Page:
By LEAH WILLINGHAM
JACKSON, Miss. (AP) — The Mississippi Department of Employment Security is seeing an influx of fraudulent unemployment claims, mirroring a concerning trend across the country, Gov. Tate Reeves said Monday.
“These are all through sophisticated networks of criminals who will take your information, apply for unemployment, and then reap your benefits,” Reeves said at a news briefing. “It can have serious consequences for you, and obviously, it can have serious consequences for the system.”
Speaking at the briefing, U.S. Attorney Mike Hurst said his office received a bulletin from the U.S. Secret Service a month ago warning of an international fraud ring that had been targeting seven states across the country, including Washington state, North Carolina and Florida. The issue has now spread to Mississippi, he said.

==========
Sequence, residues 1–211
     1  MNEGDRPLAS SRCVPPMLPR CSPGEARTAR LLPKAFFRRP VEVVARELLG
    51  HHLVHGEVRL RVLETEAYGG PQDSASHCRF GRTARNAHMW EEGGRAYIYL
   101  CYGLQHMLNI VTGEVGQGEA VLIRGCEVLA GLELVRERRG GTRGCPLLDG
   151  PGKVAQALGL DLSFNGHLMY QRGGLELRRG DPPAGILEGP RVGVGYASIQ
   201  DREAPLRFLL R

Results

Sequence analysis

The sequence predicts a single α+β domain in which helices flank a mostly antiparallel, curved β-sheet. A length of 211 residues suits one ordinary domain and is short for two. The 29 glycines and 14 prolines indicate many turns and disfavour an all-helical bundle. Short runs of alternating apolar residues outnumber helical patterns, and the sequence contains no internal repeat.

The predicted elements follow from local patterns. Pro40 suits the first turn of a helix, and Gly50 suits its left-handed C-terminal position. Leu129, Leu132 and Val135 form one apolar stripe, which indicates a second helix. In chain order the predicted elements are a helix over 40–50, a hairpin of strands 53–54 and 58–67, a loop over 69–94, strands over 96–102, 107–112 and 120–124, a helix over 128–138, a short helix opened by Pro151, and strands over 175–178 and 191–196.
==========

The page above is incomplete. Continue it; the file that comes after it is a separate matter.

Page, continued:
Executive Director Jackie Turner of the Mississippi Department of Employment Security said her office is investigating “numerous” cases of suspected unemployment fraud, some stemming from “rings” and “large scale schemes,” and some from “smaller situations” where family members or acquaintances have stolen personal information and filed for unemployment.
Turner wouldn’t say how many cases of unemployment fraud the state has seen, citing pending investigations. The Department of Employment Security is working with Secret Service, the Department of Labor and state Attorney General, among other agencies, to investigate these crimes, Turner said.
The penalty for unemployment fraud can vary depending on the crime, Hurst said. Identity theft is punishable by a minimum of two years in prison, while wire fraud could be punishable by 20 years in prison, Hurst said.
Mississippi has paid out more than $1 billion in unemployment funds through Mississippi’s trust fund and federal cares act dollars, Turner said.
Officials warned the public to guard personal information closely and report fraud immediately to the state by emailing email@example.com.